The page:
Last week, the Senate Health, Education, Labor and Pensions (HELP) Committee and the House Energy and Commerce Committee published a Congressional Discussion Draft to Improve Drug Distribution Security.  Dirk Rodgers at RxTrace published a valuable and thorough analysis of the proposal, which contains spare parts from every previous drug supply chain bill. Anyone with responsibility for supply chain security should spend time studying Dirk’s comments.

Scary Sales Rep
A funny Halloween treat!


  1. Regarding your news roundup story, "Texas District Court Dismisses Pharmacy Association's Challenge to Medicare's Preferred Pharmacy Rule," I am General Counsel for Southwest Pharmacy Solutions, Inc. d/b/a American Pharmacies, a member owned independent pharmacy buying cooperative. American Pharmacies appealed the dismissal, and the appeal is set to be heard before the Fifth Circuit Court of Appeals on November 6, 2012. A decision is expected in the following months.   


  2. Thank you for calling attention to the results of the survey
    that RxAlly conducted with Harris Interactive. 


    A few recent studies validated the value of community
    pharmacy and our mission here at RxAlly. 
    Analysis by the New England Healthcare Institute (NEHI) shows that
    improving patient adherence to medications is a $290 billion opportunity. The
    NEHI, as well as recent publications of the U.S. Public Health Service and the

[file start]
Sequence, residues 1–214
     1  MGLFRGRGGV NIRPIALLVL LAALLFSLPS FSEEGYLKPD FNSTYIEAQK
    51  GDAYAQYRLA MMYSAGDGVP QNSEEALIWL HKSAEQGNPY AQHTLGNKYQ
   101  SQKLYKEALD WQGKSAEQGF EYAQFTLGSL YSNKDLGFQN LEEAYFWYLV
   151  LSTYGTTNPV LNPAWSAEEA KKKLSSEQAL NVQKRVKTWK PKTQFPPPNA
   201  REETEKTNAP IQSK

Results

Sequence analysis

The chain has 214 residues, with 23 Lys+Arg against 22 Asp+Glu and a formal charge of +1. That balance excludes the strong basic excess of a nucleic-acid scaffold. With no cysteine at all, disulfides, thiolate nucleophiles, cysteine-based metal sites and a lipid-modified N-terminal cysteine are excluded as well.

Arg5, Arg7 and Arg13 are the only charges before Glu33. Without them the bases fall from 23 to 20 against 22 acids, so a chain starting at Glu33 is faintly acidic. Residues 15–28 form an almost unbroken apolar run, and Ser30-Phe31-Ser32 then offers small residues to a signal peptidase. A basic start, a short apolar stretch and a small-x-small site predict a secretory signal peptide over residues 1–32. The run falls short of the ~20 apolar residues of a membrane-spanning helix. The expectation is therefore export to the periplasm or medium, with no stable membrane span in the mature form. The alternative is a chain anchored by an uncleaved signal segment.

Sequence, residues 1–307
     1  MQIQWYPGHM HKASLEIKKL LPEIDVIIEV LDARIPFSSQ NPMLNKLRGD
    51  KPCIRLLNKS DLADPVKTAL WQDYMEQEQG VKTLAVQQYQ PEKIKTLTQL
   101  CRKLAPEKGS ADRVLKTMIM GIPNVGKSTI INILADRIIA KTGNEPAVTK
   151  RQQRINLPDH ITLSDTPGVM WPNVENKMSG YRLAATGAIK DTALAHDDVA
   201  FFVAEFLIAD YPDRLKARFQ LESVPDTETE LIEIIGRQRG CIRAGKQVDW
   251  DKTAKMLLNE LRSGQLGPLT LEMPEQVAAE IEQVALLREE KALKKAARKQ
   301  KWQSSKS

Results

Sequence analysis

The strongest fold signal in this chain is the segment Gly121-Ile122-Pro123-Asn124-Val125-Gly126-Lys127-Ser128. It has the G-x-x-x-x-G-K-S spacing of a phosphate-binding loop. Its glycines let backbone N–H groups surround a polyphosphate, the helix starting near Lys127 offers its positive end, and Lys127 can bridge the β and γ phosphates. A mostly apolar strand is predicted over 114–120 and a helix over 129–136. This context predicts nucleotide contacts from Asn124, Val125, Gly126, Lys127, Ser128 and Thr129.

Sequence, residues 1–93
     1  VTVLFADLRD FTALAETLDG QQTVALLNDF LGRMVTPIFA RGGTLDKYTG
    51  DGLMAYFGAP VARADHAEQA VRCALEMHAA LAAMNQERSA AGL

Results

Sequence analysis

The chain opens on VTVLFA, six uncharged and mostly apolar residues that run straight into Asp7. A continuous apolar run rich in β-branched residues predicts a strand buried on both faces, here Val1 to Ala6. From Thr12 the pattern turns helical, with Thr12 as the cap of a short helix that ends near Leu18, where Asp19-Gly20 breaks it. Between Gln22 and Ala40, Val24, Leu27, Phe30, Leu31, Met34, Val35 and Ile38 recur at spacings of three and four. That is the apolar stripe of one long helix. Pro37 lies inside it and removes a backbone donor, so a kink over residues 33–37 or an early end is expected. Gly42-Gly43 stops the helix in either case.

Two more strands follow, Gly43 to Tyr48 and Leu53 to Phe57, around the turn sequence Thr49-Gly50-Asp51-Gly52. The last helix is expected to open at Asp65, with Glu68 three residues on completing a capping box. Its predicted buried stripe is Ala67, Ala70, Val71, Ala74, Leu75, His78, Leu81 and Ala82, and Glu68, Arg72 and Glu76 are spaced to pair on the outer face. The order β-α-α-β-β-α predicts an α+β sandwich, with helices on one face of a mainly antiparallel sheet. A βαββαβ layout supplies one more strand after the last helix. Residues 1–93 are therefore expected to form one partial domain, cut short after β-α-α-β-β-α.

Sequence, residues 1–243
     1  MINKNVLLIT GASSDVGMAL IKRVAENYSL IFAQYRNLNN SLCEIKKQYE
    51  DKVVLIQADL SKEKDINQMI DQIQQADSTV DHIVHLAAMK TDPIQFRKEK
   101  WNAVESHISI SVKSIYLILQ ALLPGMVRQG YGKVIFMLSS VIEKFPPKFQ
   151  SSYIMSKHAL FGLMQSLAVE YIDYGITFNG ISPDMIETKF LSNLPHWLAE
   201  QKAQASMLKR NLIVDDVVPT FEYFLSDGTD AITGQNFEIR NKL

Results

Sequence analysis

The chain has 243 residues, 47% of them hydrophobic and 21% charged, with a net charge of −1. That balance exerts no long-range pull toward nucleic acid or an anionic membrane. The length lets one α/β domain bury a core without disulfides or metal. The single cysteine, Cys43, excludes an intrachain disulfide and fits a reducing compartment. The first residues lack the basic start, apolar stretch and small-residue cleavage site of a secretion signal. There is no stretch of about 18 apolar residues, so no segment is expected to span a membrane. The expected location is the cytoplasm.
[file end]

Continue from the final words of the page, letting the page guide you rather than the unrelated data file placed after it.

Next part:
CDC, advocate for health care reform to include expansion of pharmacists’ roles
    on health care teams to help reinforce proper use of medications and provide
    select primary and chronic disease care services in collaboration with other
    health care providers. 


    RxAlly believes that a more personalized, face-to-face
    community care model is the optimal approach for delivery care, and ultimately bending
    the cost curve.   We are not alone, as care systems across the
    nation are moving to a more localized, accountable approach to care.  Pharmacists are an integral part of that
    equation, as they are highly trained medical professionals capable of providing
    valuable primary care services and are widely available in our


    Our intent in sponsoring the survey with Harris Interactive
    was to better understand consumer perceptions of pharmacists and their role in
    health care and from there, develop a baseline from which we can measure change.  As we expected, the results certainly
    demonstrated a gap -- we have some work to do in convincing key stakeholders
    and the American consumer about the value that pharmacists can and do bring to
    health care.


    RxAlly was formed with these goals in mind.  Our performance network of more than 22,000
    pharmacies nationwide was conceived to elevate the role of the pharmacist on
    the health care team.  By providing
    consistent quality care including expanded medication management and other
    primary care services, we can support medical practices, hospitals, employers,
    the government and other major health care providers in improving health care
    outcomes and reducing the cost burden for us all.  We will also continue advocating for the
    legislative and reimbursement changes that will help us to do our job
    better.  We hope that you and all your
    readers will join us in this mission!  

  3. Thanks for the clarification, Amanda.